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    $\begingroup$ Isn't this notion the same as "formally etale"? In particular, if $f$ is of finite presentation, isn't this the same as just being etale? $\endgroup$ Jan 13 '13 at 18:11
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    $\begingroup$ Yes for the second question about finitely presented maps (as I indicated parenthetically in the question), but I am interested in the general case. I do not think $L$-trivial maps are the same as formally etale maps; the latter only corresponds to the vanishing of the first couple of cohomology sheaves of the cotangent complex, and I see no reason why this implies vanishing of the full complex without additional strong finiteness assumptions (like Quillen's conjecture proven by Avramov), but maybe I am missing something simpler? $\endgroup$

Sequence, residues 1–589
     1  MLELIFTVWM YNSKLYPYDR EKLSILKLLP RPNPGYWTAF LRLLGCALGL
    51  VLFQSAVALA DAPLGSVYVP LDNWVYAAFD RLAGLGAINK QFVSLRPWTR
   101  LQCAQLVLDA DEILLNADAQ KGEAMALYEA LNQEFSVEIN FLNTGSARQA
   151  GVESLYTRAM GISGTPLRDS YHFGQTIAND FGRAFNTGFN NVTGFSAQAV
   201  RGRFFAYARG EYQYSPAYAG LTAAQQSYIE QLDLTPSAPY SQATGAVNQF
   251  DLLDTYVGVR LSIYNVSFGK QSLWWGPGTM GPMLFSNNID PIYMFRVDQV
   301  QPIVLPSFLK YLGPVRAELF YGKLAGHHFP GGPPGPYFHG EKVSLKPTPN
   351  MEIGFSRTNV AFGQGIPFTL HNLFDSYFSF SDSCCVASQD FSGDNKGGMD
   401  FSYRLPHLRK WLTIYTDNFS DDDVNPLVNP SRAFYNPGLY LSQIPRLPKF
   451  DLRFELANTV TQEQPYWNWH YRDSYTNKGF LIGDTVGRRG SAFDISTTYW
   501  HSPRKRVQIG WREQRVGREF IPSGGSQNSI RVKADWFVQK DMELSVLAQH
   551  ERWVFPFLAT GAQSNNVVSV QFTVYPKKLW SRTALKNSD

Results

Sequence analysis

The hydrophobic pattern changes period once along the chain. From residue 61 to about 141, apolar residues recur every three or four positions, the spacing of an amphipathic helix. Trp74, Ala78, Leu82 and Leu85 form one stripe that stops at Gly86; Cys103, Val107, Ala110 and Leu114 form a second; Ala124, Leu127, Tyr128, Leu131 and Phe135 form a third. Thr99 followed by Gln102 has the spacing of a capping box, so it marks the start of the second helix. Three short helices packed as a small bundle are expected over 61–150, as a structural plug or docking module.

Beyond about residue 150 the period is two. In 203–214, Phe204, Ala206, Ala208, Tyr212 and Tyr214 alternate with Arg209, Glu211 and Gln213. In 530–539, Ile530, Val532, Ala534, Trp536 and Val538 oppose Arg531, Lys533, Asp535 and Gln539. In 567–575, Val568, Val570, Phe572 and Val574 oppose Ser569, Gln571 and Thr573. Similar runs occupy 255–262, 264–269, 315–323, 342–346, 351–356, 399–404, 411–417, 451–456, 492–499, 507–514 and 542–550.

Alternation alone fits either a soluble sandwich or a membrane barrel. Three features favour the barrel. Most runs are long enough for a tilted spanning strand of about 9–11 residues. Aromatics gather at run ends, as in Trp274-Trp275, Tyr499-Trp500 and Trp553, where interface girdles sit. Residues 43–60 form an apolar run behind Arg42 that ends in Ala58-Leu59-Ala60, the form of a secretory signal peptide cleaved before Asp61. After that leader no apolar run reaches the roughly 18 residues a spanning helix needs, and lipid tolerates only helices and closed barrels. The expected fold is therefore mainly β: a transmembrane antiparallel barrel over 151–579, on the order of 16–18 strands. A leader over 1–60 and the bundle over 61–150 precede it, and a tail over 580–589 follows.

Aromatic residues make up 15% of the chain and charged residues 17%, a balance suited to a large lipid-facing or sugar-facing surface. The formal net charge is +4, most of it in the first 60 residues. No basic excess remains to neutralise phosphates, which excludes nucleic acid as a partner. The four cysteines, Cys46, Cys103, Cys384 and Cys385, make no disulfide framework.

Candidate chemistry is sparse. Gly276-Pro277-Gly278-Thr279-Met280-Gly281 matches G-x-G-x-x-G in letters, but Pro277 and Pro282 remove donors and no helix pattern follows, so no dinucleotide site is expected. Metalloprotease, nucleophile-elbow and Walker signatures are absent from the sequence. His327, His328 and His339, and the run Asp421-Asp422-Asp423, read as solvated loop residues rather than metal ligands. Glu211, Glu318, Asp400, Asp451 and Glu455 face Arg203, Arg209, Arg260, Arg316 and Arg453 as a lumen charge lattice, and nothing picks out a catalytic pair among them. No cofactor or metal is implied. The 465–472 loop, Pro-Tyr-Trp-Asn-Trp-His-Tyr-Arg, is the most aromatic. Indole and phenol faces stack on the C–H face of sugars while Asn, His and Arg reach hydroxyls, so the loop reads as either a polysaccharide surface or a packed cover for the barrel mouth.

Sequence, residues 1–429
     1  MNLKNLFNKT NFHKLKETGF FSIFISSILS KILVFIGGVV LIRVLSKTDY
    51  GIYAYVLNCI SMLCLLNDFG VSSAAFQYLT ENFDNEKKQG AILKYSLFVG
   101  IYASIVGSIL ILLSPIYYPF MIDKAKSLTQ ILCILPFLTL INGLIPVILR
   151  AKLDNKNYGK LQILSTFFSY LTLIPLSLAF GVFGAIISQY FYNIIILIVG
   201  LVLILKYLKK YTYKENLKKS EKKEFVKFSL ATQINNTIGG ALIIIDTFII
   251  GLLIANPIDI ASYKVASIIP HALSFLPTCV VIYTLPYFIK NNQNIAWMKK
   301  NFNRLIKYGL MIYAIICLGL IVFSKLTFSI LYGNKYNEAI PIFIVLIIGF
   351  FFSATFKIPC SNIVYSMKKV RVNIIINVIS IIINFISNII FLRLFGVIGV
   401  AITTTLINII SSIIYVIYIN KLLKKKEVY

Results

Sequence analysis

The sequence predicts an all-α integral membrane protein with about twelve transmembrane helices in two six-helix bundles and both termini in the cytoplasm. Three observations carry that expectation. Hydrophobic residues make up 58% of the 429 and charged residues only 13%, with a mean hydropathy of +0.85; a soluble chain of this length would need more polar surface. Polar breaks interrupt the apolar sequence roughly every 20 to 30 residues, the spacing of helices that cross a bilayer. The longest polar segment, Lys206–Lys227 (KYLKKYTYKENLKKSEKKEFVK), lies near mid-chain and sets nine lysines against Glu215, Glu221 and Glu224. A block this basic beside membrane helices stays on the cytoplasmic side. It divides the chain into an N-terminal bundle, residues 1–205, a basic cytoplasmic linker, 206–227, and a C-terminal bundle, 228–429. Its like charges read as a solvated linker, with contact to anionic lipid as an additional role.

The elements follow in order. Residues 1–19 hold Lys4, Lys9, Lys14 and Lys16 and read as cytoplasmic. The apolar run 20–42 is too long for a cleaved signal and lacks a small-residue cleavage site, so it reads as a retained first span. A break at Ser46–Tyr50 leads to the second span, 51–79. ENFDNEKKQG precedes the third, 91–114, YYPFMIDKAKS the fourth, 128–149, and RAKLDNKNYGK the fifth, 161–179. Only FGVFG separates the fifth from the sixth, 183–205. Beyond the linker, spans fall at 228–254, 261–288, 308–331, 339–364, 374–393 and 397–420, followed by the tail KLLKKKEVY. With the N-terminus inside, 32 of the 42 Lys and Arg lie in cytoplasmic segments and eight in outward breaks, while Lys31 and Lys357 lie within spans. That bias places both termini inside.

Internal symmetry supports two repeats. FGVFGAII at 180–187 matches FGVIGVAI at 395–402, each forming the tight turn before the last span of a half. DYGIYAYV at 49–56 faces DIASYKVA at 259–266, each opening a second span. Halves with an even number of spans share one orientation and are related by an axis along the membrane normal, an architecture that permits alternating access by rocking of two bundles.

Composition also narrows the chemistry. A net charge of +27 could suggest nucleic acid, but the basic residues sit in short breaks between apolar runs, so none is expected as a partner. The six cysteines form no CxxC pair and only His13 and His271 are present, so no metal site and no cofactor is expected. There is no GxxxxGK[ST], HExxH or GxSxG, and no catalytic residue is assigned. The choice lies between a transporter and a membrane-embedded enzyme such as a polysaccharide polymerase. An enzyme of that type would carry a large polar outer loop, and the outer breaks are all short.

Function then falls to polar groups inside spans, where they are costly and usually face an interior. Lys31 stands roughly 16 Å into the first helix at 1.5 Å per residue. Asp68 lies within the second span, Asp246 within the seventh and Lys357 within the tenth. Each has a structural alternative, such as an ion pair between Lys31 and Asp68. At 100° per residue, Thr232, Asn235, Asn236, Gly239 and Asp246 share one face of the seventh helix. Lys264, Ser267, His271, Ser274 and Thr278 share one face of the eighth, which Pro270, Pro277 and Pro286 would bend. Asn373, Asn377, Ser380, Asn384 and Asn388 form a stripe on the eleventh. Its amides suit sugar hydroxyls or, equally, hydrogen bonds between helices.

– anon
    Jan 13 '13 at 18:36

Edit: Here is a possible characterization. As mentioned in the comments above, the vanishing of the 1-truncated cotangent complex $\tau_{\leq 1}L_{B/A}$ of a map of rings $f \colon A \to B$ is equivalent to a lifting property with respect to square-zero extensions $T' \to T$. This follows from the fact that the space $Map(L_{T/A},M[1])$ is equivalent to the groupoid of square-zero extensions of $T$ over $A$ with kernel $M$. Here $M$ is a $T$-module.

Rephrasing this, $\tau_{\leq 1} L_{B/A}$ vanishes if and only if $f$ has a lifting property with respect to morphisms of 0-truncated simplicial algebras such that the kernel is concentrated in degree 0 and squares to 0. Let's call these 0-concentrated.